However, the rest of the SSRIs are considered safer. The risks, though small, are there and are usually preterm birth (meaning baby is born a little earlier) and a risk of post-partum bleeding to mom. There is not much increase in the risk of miscarriage or hypertensive disorders in pregnancy, such as preeclampsia.

SNRIs

The other two major classes of antidepressants are SNRIs (Serotonin-Norepinephrine Reuptake Inhibitors) and atypicals. SNRIs like Effexor (venlafaxine) and Cymbalta (duloxetine) are like SSRIs, but also increase the risk of hypertensive disorders in pregnancy such as preeclampsia.

Atypicals, which include Wellbutrin (bupropropion), can increase the risk of miscarriages, but do not increase the risk of hypertensive disorders in pregnancy (such as preeclampsia) or post-delivery bleeding (postpartum hemorrhage). Older antidepressants have other risks and this should be discussed with one’s psychiatrist, primary care doctor and OB-GYN.

What to Discuss With your Pediatrician

Involving a pediatrician is as important as SSRIs, which are most commonly used, but can have some issues for baby once delivered. Before delivery, as mentioned, there is a low risk of congenital defects (greatest with Paxil/paroxetine), preterm birth, low birth weight and pregnancy complications, but afterwards there are some things to look out for as well. Those include:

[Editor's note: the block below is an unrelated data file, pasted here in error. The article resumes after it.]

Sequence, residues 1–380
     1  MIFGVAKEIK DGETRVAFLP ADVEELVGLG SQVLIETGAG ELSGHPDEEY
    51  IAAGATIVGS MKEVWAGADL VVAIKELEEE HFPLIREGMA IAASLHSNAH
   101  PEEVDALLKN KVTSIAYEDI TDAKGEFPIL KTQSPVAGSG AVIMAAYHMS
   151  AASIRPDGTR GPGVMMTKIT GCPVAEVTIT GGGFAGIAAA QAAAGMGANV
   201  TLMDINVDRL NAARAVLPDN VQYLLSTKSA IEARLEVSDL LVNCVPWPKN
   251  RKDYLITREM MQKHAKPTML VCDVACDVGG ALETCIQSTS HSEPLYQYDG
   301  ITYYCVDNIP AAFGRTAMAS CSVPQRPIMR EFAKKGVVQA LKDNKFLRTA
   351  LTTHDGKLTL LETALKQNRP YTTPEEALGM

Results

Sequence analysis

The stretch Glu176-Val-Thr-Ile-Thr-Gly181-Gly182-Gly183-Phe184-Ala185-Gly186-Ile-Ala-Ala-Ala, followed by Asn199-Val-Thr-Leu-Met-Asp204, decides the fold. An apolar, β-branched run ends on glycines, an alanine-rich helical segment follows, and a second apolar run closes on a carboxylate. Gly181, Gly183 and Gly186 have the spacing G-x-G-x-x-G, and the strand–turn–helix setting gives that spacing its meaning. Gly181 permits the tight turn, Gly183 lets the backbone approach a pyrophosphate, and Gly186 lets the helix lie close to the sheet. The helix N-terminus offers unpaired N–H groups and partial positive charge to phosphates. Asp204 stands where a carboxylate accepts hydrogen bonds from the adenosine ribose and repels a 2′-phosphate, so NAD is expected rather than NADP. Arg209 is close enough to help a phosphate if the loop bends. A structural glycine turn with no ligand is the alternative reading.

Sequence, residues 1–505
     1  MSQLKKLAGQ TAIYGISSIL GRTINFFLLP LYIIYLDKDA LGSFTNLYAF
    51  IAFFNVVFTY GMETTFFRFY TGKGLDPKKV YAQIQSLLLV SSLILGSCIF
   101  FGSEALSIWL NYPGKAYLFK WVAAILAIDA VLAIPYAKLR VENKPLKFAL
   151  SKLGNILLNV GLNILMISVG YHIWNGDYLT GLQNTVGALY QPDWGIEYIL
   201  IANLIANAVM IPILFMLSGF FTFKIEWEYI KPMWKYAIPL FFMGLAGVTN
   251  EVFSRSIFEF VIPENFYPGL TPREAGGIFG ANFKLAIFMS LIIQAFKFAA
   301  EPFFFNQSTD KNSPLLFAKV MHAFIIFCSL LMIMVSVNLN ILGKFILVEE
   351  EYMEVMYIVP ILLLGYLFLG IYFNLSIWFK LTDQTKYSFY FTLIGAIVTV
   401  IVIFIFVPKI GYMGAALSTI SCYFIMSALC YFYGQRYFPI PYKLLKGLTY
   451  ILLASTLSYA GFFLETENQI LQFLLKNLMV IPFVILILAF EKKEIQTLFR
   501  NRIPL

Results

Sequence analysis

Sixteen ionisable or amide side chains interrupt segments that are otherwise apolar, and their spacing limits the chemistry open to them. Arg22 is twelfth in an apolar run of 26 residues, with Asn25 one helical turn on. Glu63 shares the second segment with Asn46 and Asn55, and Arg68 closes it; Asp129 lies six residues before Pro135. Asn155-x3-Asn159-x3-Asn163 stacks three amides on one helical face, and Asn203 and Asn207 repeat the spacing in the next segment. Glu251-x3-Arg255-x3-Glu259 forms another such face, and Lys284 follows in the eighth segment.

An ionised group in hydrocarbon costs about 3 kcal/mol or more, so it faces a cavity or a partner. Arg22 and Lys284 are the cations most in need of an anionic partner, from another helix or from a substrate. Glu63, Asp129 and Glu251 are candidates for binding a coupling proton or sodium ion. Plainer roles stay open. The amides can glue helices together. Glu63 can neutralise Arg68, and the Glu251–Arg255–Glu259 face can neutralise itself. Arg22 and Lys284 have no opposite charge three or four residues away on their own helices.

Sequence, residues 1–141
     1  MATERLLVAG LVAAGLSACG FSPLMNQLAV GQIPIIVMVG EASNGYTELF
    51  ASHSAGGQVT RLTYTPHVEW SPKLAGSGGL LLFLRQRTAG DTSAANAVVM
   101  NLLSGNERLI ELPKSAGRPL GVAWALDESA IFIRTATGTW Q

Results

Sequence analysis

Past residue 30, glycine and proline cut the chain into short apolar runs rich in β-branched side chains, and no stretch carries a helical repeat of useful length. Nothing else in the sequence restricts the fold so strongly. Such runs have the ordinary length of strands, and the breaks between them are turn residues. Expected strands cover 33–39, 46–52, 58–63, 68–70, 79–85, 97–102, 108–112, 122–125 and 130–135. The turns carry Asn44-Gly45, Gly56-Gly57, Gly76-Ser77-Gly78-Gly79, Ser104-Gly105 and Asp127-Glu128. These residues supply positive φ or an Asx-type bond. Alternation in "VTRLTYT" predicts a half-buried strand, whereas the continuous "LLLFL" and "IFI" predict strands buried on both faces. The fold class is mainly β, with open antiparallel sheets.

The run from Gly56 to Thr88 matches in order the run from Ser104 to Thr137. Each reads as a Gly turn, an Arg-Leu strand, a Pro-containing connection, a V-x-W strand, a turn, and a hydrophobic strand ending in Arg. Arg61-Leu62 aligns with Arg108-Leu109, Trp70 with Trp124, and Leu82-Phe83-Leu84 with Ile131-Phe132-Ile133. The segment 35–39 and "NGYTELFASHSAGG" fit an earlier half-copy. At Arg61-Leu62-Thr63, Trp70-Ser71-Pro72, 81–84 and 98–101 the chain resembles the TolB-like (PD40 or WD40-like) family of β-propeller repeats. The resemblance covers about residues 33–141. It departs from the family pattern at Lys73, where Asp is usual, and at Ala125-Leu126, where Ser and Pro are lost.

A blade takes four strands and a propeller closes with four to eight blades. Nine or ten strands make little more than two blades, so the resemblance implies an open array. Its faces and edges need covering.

Poor Neonatal Adaption

Poor Neonatal Adaption occurs when baby is exposed to SSRIs or SNRIs in the third trimester. Some feel it may be serotonin withdrawal while some hypothesize it is serotonin toxicity. Either way it usually only lasts two weeks to a month and then there is usually no enduring effect. Symptoms include:

  • agitation
  • inconsolable crying
  • poor sleep
  • poor feeding with diarrhea or vomiting
  • low blood sugar
  • low body temperatures
  • difficulty breathing
  • shivers
  • tremors
  • rarely seizures

Severe cases need medical intervention. Doctors do no recommend lowering mom's dose of antidepressants before delivery as it does not change or help this syndrome, and mom’s risk of relapse to depression is the highest right after delivery!

Persistent Pulmonary Hypertension of the Newborn

Persistent Pulmonary Hypertension of the Newborn is a serious, potentially fatal condition, but only happens in 2 per 1,000 live births.

There is some controversy that the use of antidepressants causes some long terms effects in growth, intelligence, language and motor skills or in the development of psychiatric disorders as the child grows. The actual science and studies are very limited.

Depression can be a life threatening and grossly debilitating illness. If you have Depression or develop it, dealing with it requires a team. Not just of your doctors, but of your family, friends, and all the supporters you trust. Seek the care of an MD or DO psychiatrist early! Have him or her link with your primary care doctor and all the doctors on your team. Sometimes antidepressants are necessary and are a better, safer option for you. Only you and your doctor can decide!

Be Strong, Be Healthy, Be in Charge!

-Rupali Chadha, MD

  • General and Forensic Psychiatrist
  • Training: The Johns Hopkins Hospital (medicine internship, psych residency)
  • UCLA (forensics)
  • Directs a Women’s Unit and is a Forensic Expert/Medical Examiner